"Feature Journalism," he says, "is the unholy twin of Creative Nonfiction. In that course you might say I'm almost aggressively vocational in sensibility. The purpose is to write something that could be published in a magazine or a newspaper. Students have to put together a list of publications appropriate to the pieces they are working on, and then they have to pitch their ideas to the editors. The skills have been developed, its time to learn how to get the work out, to get beyond the paralysis of making submissions."
"Writers write," he says again. "If I'm concerned with anything, I'm concerned about demystifying a lot of the debilitating myths folks have about writers."
While in the President's Office Maggie could feel herself reclaiming her identity as a poet. By the time she left that office, she had published two books of poetry and a critical study of Marianne Moore, so it was natural that she was invited by Haverford and Bryn Mawr to teach two leave replacement semesters in creative writing and poetry. "Those two semesters helped me to relocate myself professionally in a way that matched how I had already relocated myself personally."
As a poet, Maggie is a passionate reader, and her students read great numbers of poems in class. "The way you learn about the possibilities of poetry, the breadth and depth of it, is by studying the poems you fall in love with. I encourage the students to read out of hunger, appetite and love and to find what really moves them. The poems become their teachers, and I become the facilitator."
Maggie, too, speaks of the oversubscribed courses. "While this is wonderful in a way, since it demonstrates the degree of interest on campus, we are not planning to expand the size of the classes."
Small classes, intense and frequent conference time with each student, the necessity of teaching revision -- this note is struck again and again.
"Eight poems a semester represent an enormous amount of writing. And the students write extemporaneously in every class as well. It's not what they produce in class that counts here, but what they learn about the kinds of trials, attempts and exercises writers do to learn their craft. It's like practicing scales for a musician, or mixing colors for a painter. I don't teach my own poems, but once a year I'll bring one of mine in along with all the working drafts that preceded it and talk about the decisions, problems, challenges, uncertainties and changes that accompanied each step. The most important thing I do as a teacher may be to teach students how to revise."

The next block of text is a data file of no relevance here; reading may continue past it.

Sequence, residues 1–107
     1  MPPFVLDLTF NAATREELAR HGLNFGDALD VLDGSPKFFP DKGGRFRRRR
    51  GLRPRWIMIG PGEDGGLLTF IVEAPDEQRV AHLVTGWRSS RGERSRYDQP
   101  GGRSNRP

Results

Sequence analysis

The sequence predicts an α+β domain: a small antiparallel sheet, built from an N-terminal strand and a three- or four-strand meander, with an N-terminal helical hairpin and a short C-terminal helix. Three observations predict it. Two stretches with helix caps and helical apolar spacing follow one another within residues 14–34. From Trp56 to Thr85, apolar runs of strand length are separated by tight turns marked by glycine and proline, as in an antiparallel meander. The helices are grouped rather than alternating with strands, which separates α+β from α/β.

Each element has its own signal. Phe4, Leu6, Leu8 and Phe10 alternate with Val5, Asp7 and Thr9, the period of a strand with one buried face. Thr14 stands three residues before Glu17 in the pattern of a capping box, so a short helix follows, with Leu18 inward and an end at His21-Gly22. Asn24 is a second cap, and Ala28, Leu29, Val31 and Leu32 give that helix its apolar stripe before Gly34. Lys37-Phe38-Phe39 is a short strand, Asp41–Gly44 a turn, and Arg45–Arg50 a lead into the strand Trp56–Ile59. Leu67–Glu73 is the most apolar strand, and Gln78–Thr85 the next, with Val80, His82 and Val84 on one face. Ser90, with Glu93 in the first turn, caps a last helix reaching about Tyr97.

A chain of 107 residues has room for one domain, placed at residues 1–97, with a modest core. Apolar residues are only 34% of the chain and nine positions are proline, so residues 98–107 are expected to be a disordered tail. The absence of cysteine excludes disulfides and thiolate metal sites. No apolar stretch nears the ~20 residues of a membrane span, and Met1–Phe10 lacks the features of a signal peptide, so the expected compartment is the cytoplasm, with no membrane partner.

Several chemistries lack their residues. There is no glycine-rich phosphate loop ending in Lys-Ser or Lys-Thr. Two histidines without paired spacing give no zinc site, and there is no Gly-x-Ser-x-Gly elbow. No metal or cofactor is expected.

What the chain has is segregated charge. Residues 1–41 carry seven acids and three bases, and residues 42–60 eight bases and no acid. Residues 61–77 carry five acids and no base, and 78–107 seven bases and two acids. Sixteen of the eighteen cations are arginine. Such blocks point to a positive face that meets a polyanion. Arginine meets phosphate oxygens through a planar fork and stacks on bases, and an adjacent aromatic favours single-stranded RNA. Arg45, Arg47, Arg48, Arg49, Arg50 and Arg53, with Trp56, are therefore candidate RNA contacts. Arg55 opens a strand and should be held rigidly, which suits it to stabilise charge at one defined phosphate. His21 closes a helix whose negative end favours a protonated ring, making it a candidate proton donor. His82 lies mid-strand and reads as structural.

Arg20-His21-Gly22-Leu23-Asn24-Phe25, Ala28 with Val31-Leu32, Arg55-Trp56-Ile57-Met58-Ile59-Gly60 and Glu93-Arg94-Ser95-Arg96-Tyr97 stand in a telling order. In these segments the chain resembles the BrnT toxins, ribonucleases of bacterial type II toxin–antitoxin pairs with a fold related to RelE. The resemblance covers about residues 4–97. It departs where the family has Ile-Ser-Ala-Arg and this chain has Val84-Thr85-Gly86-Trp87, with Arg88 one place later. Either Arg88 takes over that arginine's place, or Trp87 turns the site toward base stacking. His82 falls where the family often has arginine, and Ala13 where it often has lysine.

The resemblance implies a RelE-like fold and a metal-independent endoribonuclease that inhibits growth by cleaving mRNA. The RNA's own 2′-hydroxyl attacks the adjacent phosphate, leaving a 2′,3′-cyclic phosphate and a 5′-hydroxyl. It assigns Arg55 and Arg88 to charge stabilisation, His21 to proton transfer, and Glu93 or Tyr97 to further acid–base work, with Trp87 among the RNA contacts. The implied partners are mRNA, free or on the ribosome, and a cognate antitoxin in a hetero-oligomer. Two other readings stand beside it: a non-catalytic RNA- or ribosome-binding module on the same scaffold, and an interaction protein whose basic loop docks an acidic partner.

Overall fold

Another course, Experimental Writing, grew out of Maggie's interest in very short contemporary forms - "flash fiction," the prose poem, the found poem, monologues and dialogues as performance pieces. Maggie adds to the list: "Some of the new novel forms such as discontinuous narrative, the interrelation between text and graphics, interpenetration of fiction and fact, text and dance, text and music."
Because Maggie, like Linda Haviland, remembers a time when the arts were somewhat orphaned on campus, she too speaks of the increasing intermarriage of the disciplines that has come about since 1984.
"Playwriting with Mark Lord is already offered every other year at the beginning and advanced levels in the Creative Writing program. Last year, a guest artist from Philadelphia, dancer Karen Bamonte, performed a dance based upon a sentence by Gertrude Stein at the same time that Mark Lord was putting on a Stein play and my Experimental Writing class was studying Stein's poetry. The writers had a workshop with Bamonte on the mixed medium of dance and text."
Emma is in her second year at Bryn Mawr, but still amazed to be here and gloriously happy. "I didn't believe it when Michael Isador called me after my M.F.A. show at the Tyler School of Art. He told me about a possible opening in printmaking at Bryn Mawr. It's rare to get a job in one's field after graduation."
She may be a bit amazed to be in the United States at all. When she graduated from Leeds University in West Yorkshire, England in 1990, with first class honors in printmaking, she didn't expect she'd be making her living as an artist in America six years later. "When I decided to go to graduate school, I applied to the Royal College in London but decided I should also look elsewhere. So I took out a map of America, whirled my finger around and stopped at a few places. Philadelphia was one, Tyler School of Art at Temple. I was accepted into the program on full scholarship. I came to visit, liked it, went back to England, found I'd been accepted into the Royal College. At the last minute I jumped onto a plane with my tea bags and came to Philadelphia."
Emma's not used to a college where everyone lives on campus, and she doesn't want her students to be too insular. "We take field trips to First Friday in downtown Philly. We get in the mini-van, and I drag them around to the shows in New York City. I want them to see how printmaking is important in the field of contemporary art."
"I was so new last year," she says, "I wondered what the students would be like, what they would want from me. I felt that one of the most important things was to immerse them immediately into the creative process of hands-on experience - the physical immediacy of using the tools to cut into the wood."